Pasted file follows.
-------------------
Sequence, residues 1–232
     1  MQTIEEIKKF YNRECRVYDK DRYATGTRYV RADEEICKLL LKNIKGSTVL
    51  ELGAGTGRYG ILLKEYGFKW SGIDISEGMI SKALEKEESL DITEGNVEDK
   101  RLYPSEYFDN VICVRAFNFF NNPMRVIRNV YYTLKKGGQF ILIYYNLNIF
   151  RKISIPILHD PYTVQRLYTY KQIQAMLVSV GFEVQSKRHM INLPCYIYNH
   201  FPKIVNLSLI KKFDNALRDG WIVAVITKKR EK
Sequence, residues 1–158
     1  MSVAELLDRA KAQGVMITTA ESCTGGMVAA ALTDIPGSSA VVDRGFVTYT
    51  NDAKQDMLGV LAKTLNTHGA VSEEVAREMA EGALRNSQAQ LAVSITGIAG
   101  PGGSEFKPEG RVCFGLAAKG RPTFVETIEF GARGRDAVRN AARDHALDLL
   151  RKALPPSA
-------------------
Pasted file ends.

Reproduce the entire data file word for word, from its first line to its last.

Sequence, residues 1–232
     1  MQTIEEIKKF YNRECRVYDK DRYATGTRYV RADEEICKLL LKNIKGSTVL
    51  ELGAGTGRYG ILLKEYGFKW SGIDISEGMI SKALEKEESL DITEGNVEDK
   101  RLYPSEYFDN VICVRAFNFF NNPMRVIRNV YYTLKKGGQF ILIYYNLNIF
   151  RKISIPILHD PYTVQRLYTY KQIQAMLVSV GFEVQSKRHM INLPCYIYNH
   201  FPKIVNLSLI KKFDNALRDG WIVAVITKKR EK
Sequence, residues 1–158
     1  MSVAELLDRA KAQGVMITTA ESCTGGMVAA ALTDIPGSSA VVDRGFVTYT
    51  NDAKQDMLGV LAKTLNTHGA VSEEVAREMA EGALRNSQAQ LAVSITGIAG
   101  PGGSEFKPEG RVCFGLAAKG RPTFVETIEF GARGRDAVRN AARDHALDLL
   151  RKALPPSA